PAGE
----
What might be achieved by departing from ordinary usage? Ordinary logical analytical philosophy tries to get people to agree with its conclusions via agreement with its principle. One is to accept the theory of descriptions for example, before one applies it. On Wittgenstein's later view, the only way of seeing what these logical rules are, is to examine how people use them . He does not want to argue for the self evidence of anything. He can only be vindicated insofar as people agree with him. If all language is a game, then what he is trying to do in the Philosophical Investigations is also a game, one very largely of persuasion. If people refuse to be persuaded the game is undermined. And Wittgenstein is hardly in a position where he can call everyone else wrong and himself right (except as part of his propaganda). The position may seem to give credence to might is right doctrines. A struggle for souls. If that is the significance of his ideas, how such a doctrine could satisfy Wittgenstein personally, is hard to see. It is strange to think of someone trying to persuade himself. It is not as if he can take comfort in a standard of truth. It could be that his method just happened to work for him. That would be a psychological fact about him. If open to doubt at all then it may be just a provisional expedient that happened to satisfy one man, like the myriads of other philosophical 'solutions' that have been provided of the age old philosophical problems.

'In ultimate matters the argumetnum ad hominem is the only argument possible and indeed the only one in which anyone much believes' ( Frederic B Fitch, quoting WM Urban, quoting Lowes Dickninson).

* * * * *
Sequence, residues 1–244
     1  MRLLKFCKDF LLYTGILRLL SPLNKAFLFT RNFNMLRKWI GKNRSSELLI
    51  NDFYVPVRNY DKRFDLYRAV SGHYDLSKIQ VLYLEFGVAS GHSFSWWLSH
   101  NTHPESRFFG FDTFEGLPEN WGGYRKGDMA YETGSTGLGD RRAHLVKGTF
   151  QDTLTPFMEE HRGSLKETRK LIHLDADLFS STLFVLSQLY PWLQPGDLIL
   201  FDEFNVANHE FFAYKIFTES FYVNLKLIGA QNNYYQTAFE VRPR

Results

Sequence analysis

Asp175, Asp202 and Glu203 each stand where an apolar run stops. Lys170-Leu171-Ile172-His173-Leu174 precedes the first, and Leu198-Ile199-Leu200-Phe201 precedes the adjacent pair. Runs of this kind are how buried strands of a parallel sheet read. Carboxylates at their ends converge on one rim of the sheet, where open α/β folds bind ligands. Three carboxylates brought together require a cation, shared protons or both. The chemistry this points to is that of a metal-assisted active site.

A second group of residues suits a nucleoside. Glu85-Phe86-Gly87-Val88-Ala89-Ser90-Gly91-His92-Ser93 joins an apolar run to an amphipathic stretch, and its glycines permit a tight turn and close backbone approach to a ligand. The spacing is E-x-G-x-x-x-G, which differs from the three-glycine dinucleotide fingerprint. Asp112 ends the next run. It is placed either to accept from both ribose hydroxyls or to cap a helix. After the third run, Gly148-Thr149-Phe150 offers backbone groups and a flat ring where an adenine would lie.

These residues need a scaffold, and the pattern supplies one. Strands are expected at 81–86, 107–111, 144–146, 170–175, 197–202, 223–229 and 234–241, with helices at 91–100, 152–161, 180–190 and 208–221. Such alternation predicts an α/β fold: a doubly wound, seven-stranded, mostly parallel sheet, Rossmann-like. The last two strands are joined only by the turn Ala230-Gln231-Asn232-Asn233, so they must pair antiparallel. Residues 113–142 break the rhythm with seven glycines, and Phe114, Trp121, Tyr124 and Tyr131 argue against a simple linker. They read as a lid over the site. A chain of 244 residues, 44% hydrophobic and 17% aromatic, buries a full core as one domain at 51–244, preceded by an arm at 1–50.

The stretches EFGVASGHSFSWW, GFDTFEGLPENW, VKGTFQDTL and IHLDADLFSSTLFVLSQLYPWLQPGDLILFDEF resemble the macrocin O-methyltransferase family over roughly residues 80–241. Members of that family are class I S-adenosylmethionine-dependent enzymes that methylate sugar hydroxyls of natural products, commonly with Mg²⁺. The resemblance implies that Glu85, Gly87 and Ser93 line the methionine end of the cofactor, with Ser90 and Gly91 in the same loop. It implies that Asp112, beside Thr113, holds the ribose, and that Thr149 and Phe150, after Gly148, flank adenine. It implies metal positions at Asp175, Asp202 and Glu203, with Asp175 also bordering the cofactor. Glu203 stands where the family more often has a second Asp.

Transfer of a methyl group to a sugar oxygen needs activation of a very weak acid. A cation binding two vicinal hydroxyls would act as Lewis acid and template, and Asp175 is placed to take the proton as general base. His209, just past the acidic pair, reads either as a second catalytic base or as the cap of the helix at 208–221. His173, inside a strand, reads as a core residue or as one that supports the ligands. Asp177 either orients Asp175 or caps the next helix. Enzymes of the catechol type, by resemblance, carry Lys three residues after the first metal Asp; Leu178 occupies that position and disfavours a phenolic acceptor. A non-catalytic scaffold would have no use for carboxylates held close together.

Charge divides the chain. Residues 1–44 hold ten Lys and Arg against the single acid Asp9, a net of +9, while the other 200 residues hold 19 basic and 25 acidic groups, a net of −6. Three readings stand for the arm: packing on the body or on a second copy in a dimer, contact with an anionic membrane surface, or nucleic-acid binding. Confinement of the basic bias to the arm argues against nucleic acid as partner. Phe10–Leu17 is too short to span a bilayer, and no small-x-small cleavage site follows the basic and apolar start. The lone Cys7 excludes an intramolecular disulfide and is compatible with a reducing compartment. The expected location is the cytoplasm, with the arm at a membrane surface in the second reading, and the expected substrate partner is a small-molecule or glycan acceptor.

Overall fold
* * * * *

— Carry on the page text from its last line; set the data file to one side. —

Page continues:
'A theory about all theories may be said to have attained the maximum theoretical generality. At such a level all other levels may be dealt with. There is no level which is 'higher' in the sense that it can deal with the theories not dealt with on the level of maximum theoretical generality. To deny that there is such a level is already to be proposing a theory about all theories and hence to be presenting a theory which is itself of the level of maximum theoretical generality. Thus an ad hominem argument can be used against the conception that no such level is to be found'.

Russell tries to build up a logical system, which, if we follow, will not lead us into contradiction. Now is this logical system, insofar as it leads us away from contradiction, open to question? Or is rather Russell's logical system like Orwellian Newspeak, in that it eliminates thoughtcrime, by depriving us of the language in which to think it? Russell admits that in definition we need apparent variables, to deny the possibility of Fitch's theory of maximum theoretical generality would be to make a universal statement. It seems as if Russell can be dragged down into the same kind of bog as the later Wittgenstein. Philosophy looks like an endless round of puzzle and counter puzzle. Like an onion which expands as it is peeled so that it never gets any smaller. But it cannot even be seized and understood as onion, because all I have done in so naming it is to pull of another layer. (Peer Gynt).